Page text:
About the ARME

Origin Story

This initiative has been originally designed in partnership between the Washington State University Ornamental Plant Pathology Program and Seattle Parks and Recreation's Green Seattle Partnership. However, we have the desire to grow this thing across the Pacific madrone's entire range!

In April 2016, partners and stakeholders joined us for the Future of the Pacific Madrone Symposium at WSU Puyallup. Participants expressed concerns for the condition of Pacific madrone populations and brainstormed a ‘wish list’ for research and possible actions. In particular, participants noted the need for a survey and database dedicated to learning more about the health of madrone populations. Also, people discussed the desire for expanded education and creation of better practices for madrone cultivation and conservation.

These discussions evolved into the creation of the Arbutus ARME and the following project elements and outcomes:

  • regular Pacific madrone newsletter

  • inclusion of a Pacific madrone as the 1st Western tree in the TreeSnap smartphone application

  • educational workshops in the Puget Trough region of Washington State

  • support for research projects, like the range wide common garden trials quanitifying the variation in severity of madrone health problems, identifying resistant/resilient sources, and predicting extent of madrone health problems in forests containing this species now, and in future climates

  • seed collection, propagation and restoration efforts as part of Green Seattle Partnership's Madrone Recovery Project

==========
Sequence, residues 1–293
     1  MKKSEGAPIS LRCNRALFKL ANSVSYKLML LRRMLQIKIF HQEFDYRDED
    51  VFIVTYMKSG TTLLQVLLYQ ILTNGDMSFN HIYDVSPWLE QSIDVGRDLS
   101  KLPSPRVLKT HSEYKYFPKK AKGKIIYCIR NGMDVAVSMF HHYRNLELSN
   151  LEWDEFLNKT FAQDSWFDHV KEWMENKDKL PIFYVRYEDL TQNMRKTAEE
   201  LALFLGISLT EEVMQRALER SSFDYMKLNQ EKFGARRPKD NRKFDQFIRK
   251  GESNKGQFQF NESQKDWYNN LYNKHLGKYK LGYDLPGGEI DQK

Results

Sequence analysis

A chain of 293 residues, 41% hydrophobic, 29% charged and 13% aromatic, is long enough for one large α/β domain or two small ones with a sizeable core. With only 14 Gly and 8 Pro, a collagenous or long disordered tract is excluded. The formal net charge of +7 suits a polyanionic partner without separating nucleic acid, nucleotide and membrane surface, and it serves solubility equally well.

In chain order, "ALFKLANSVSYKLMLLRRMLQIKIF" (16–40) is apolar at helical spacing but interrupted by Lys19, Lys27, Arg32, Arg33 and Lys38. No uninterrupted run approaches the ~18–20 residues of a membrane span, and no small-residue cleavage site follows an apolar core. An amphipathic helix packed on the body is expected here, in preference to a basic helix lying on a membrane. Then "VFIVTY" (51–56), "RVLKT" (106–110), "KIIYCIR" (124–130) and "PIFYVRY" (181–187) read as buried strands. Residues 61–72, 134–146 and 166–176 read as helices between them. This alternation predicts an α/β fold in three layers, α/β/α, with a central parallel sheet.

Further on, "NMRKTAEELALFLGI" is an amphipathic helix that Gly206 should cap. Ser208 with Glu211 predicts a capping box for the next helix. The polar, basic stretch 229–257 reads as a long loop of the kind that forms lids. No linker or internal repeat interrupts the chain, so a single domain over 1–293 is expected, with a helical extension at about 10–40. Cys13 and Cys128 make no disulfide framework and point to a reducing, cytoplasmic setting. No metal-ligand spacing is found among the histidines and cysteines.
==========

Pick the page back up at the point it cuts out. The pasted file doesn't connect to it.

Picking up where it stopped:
• development of best management practice guides through Washington State University Extension

Click here to view the April 2016 "Needs and Opportunities" brainstorm about all the research, extension, community science, publicity and funding ideas that could be elevated

The People behind the ARME

Marianne Elliott

Marianne is a Plant Pathologist with Washington State University Plant Pathology Program. She has a special history with madrone research and is co-founder of Arbutus ARME. Marianne plays a key role in identifying madrone diseases and encouraging madrone research and collaboration.

Michael Yadrick

Michael is a Plant Ecologist with Seattle Parks and Recreation. Supporting Green Seattle Partnership efforts, he designs and directs the restoration projects in Seattle’s forested natural areas. Michael is the creator and host of treehugger podcast, runs trails and jumps into water.

Joey Hulbert

Joey joined the WSU Ornamental Plant Pathology Program at the WSU Research and Extension Center in Puyallup as a Postdoctoral Fellow funded by the USDA. He recently returned to the Pacific Northwest after spending four years in South Africa leading Cape Citizen Science.

Arbutus ARME Partners

Washington State University
Ornamental Plant Pathology Program

Seattle Parks and Recreation's Green Seattle Partnership

The Green Seattle Partnership is a collaborative effort between the City of Seattle, Forterra, and an amazing community of partners working together to create a sustainable network of healthy forested parkland throughout Seattle, supported by an aware, engaged public.
Mixed madrone forests are an underrepresented forest type in Seattle. GSP has jumpstarted its own Madrone Recovery Project focused on conserving, planting and developing best management practices for restoring Pacific madrone.


Help our nation’s trees! Scientists are working to understand what allows some individual trees to survive, but they need to find healthy, resilient trees in the forest to study. That’s where concerned foresters, landowners, and citizens (you!) can help. Tag trees you find in your community, on your property, or out in the wild using TreeSnap! Scientists will use the data you collect to locate trees for research projects like studying genetic diversity of tree species and building better tree breeding programs.

United States Forest Service

USFS Mission: To sustain the health, diversity, and productivity of the Nation’s forests and grasslands to meet the needs of present and future generations.